A Time magazine poll being released Thursday found that nearly seven in 10 Americans are following the story closely and that 61 percent oppose the mosque. The poll also found that 43 percent of Americans hold unfavorable views of Muslims, far outpacing the numbers for Mormons (29 percent), Catholics (17 percent), Jews (13 percent) and Protestants (13 percent). In the poll, 25 percent say most Muslims in the United States are not patriotic Americans.
While the amount of anti-Muslim sentiment hasn't shifted much since a spate of homegrown terror attacks and the furor over the mosque, Muslim American leaders worry that it could. They accuse the bloggers of fueling religious hatred.
Muslim Americans "are becoming fearful, uncertain, asking, 'What is the future?' " said Akbar Ahmed, a former Pakistani diplomat and current American University professor.
Ahmed believes the shaky economy, wars in Iraq and Afghanistan and tension over immigration, combined with the election of the first nonwhite president, have left Americans anxious. "Islam at this moment in time focuses all the intensity and passion," he said.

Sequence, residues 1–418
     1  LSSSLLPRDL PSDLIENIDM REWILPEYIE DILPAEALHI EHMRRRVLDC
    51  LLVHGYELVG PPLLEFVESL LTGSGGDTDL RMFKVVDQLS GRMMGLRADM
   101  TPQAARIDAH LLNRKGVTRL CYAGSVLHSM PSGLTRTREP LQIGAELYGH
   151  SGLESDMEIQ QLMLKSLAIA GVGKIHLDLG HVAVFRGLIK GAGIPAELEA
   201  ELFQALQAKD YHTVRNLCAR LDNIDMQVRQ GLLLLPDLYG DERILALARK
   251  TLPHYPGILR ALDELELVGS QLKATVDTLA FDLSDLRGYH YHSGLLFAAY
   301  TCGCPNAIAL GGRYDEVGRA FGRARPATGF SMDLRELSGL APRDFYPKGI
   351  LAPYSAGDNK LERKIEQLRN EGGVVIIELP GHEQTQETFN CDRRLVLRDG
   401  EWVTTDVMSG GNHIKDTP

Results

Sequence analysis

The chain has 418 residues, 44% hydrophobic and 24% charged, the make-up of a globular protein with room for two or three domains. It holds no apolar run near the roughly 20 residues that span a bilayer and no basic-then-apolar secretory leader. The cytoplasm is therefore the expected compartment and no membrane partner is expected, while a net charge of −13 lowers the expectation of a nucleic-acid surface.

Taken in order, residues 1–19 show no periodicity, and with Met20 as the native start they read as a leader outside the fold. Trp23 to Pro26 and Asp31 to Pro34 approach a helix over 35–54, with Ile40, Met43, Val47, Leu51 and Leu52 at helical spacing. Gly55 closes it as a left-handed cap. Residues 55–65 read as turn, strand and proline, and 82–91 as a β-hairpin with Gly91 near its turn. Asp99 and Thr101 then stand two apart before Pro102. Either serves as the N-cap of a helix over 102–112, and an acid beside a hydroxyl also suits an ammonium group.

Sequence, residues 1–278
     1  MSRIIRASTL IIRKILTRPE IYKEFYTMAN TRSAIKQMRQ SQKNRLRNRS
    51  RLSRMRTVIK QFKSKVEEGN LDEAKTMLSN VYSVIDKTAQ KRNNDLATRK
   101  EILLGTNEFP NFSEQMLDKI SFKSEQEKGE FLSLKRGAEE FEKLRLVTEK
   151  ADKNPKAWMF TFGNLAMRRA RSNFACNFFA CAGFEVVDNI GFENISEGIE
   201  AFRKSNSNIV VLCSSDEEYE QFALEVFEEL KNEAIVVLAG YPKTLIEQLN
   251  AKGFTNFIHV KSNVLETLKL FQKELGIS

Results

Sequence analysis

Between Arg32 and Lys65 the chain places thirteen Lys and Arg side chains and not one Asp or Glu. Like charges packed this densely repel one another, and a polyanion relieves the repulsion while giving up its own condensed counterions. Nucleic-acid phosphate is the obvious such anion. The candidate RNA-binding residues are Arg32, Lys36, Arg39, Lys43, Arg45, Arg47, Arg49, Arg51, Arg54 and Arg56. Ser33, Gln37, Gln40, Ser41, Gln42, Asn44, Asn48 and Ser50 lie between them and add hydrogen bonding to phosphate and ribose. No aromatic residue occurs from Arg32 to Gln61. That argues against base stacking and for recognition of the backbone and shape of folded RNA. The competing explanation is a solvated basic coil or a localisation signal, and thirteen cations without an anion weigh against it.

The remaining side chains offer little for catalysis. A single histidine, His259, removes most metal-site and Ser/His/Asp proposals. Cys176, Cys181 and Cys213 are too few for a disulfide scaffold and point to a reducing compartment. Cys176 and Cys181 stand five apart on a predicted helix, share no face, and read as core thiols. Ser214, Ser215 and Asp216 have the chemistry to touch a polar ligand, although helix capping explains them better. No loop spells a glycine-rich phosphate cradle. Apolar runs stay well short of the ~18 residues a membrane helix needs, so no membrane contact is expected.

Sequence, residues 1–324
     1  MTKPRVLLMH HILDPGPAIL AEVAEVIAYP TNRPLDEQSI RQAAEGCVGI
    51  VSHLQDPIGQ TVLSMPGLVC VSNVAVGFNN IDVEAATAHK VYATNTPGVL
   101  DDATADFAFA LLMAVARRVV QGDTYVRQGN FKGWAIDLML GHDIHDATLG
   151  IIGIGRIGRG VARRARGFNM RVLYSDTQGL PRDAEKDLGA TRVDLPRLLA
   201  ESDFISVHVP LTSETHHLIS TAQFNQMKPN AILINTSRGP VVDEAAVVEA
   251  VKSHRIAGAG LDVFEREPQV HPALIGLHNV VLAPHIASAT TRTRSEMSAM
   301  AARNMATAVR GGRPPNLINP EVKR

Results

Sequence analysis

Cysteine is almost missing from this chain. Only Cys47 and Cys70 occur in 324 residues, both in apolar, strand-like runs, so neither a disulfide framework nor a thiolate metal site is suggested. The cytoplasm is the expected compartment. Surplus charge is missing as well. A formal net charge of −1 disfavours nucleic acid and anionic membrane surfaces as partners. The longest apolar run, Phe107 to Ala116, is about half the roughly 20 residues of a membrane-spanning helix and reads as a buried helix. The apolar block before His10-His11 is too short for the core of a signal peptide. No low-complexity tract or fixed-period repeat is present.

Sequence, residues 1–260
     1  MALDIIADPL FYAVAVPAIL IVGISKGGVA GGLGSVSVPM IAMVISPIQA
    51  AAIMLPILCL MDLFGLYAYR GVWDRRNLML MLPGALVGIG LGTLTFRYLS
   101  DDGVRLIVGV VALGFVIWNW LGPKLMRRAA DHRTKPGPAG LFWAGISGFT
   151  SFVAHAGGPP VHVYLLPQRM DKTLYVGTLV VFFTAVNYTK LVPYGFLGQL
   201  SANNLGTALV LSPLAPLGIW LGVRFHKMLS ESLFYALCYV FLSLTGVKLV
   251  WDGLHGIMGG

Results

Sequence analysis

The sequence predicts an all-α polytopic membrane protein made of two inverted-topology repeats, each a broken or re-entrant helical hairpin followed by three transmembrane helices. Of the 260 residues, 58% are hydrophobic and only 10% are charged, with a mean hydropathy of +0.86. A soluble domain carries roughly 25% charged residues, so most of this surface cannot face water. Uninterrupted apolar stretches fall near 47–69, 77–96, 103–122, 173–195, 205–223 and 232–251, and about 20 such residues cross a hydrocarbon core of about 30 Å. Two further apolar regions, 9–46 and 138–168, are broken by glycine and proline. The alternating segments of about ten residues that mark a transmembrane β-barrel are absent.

Brian Levin, a hate-crimes expert who used to work with the Southern Poverty Law Center, said the bloggers gain traction partially because they make points about American Muslim extremism that "the mainstream media consistently ignore."
In addition to Geller and Spencer, other conservative bloggers who focus on Islam include Debbie Schlussel and Brigitte Gabriel.
In recent months, traffic to their Web sites has spiked. They've made more media appearances and have been active in organizing opposition to smaller mosque projects across the country.
Video from June of a rowdy town meeting in Staten Island, N.Y., about a proposed mosque shows Spencer being cheered when he states his name. Those who turned out to oppose the mosque said they heard about the meeting through Geller's Facebook page.
Asked if his ability to make money -- through Web site donations, book sales and speaking appearances -- has improved, Spencer said, "It's changed a lot" but wouldn't elaborate. He said only that he and Geller were able to raise $50,000 in recent months for their bus and taxi ad campaign.
The topic may be heavy (violent religious extremism, a conspiracy to take down the Constitution), but the tone among the activists and their critics teeters on satire.
A site monitoring the Muslim critics is called Loonwatch. Coblognspiracy theories about murder attempts and bestiality are common on the blogs. People on both sides say they get death threats and can't disclose where they live.
Asked if he was being deliberately combative and provocative, Spencer chuckled.
"Why not?" he asked. "It's fun."